Substack Rolls out Two-Factor Authentication for Users
More than four years after launching, Substack finally adopts what is considered a security best standard.
More than four years after it launched in 2017, Substack is implementing two-factor authentication today for writers on its platform.
The opt-in security feature will add protection against hacking by asking account holders to provide a single-use sign-in code, in addition to their username and password, to access accounts.
It will initially be available only to writers and other account holders who log in through Substack's web platform, but the company plans to make it available for users of its new mobile app soon.
“We want all users to be able to take advantage of this increased account security, but the priority is to protect writers' dashboards, which are only accessible via web,” spokeswoman Lulu Cheng Meservey wrote in an email to me last week.
It’s not clear why it took Substack so long to adopt what is considered a critical security feature. Substack has recruited a number of high-profile and controversial writers to its platform in recent years — including journalist Glenn Greenwald, opinion writer Bari Weiss and NSA leaker and whistleblower Edward Snowden — all of whom would be attractive targets for hackers who want to hijack their accounts to publish or send embarrassing messages to their readers. Substack currently has more than 1 million paid subscribers and millions more who receive content to their email addresses without paying.
Two- or multi-factor authentication has been an industry security standard for years, and security experts have long urged users and providers of web services to enable it to secure their accounts.
Google began to make it available to its users in 2010 and 2011 after nation-state hackers from China attempted to access the Gmail accounts of Chinese human rights activists. In 2011, Facebook and Yahoo made it available for their users, as did Dropbox in 2012 and Twitter in 2013, following the breach of 33 high-profile Twitter accounts, including then-president-elect Barack Obama’s campaign account, Britney Spears and the official feeds for Fox News and CBS. Apple enabled it for its iCloud users in 2014 after hackers stole the photos of numerous female celebrities.
Despite this history, Substack actively recruited controversial writers to its platform without having this security feature in place.
In October 2020, Glenn Greenwald resigned from The Intercept and joined Substack, and about ten weeks later, controversial former New York Times opinion writer Bari Weiss launched a Substack publication as well. Last June, Snowden announced the launch of his Substack publication.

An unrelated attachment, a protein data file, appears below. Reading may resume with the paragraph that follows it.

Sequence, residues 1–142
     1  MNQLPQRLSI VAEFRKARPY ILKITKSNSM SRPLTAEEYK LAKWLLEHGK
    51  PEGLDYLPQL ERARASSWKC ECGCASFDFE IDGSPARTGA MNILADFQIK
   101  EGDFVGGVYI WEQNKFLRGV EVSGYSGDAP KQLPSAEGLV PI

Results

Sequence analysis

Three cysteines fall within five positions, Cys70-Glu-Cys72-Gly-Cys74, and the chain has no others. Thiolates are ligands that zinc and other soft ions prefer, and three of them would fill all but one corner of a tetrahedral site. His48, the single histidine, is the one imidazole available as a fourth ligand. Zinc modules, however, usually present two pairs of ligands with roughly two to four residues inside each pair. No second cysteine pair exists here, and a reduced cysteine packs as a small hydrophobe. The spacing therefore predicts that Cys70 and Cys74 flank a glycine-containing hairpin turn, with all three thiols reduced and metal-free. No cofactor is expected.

Substack has also been embroiled in controversy over its courting of writers like Jesse Singel, Abigail Shrier, and Graham Linehan, who have been labeled “transphobic” for their opposition to the rights of transgender people.
Asked about the delay in making multi-factor authentication available to its writers, Cheng Meservey wrote, “This was a feature we had wanted to build for a while. A successful proof-of-concept [in December] combined with a few writers requesting it brought it to the top of the list.”
Cheng Meservey didn’t say whether any accounts had been breached to date.
Substack was launched in 2017 and has raised more than $82.4 million from investors, including Y Combinator and Andreessen Horowitz, but the company doesn’t currently have a chief information security officer. Asked if it has a dedicated security team, Cheng Meservey replied, “We have people focused on security and will have more as we continue to grow.”
Last September, I contacted Substack co-founder Hamish McKenzie about Substack’s lack of multi-factor authentication as well as another security issue with author accounts. Substack allows writers to sign into their dashboards using a log-in link sent to them via email (in lieu of a username and password). The links, however, remained live for 24 hours or more, although security best practices call for them to expire after an hour or so. Substack engineers promptly fixed the latter issue — the log-in links now expire after an hour — but multi-factor authentication remained an open concern.
McKenzie wrote in an email at the time that two-factor authentication was “on the books,” but he didn’t say when it would be available. Substack contacted me last month to say they had implemented multi-factor authentication for my account to test it in beta, then contacted me last week to say it would be rolled out today. The company added an explanation about how to enable two-factor authentication to its user support page about two weeks ago.
With multi-factor authentication, users obtain a sign-in code via a text message sent to their phone or generated by a hardware token they posses or an application installed on their phone. Because it requires users to provide something they know — username and password — something they possess (a randomly generated code that expires after a period of time) or something biometric on their person (fingerprint or iris scan) it prevents hackers from obtaining access to accounts if all they have is a username and password, which can be easily stolen through phishing scams or data breaches.
I appreciate that two-factor authentication is more secure than if all there is is a uname and pw, but the problem is that if the cellular network/cell phone is compromised than it is highly probable that the uname/pw combo is already compromised and the text messages (unencrypted and unprotected by law!) simply serve as a means to turn the cell phone into the equivalent of a GPS ankle monitor.
useful for one set of circumstances, dangerous from another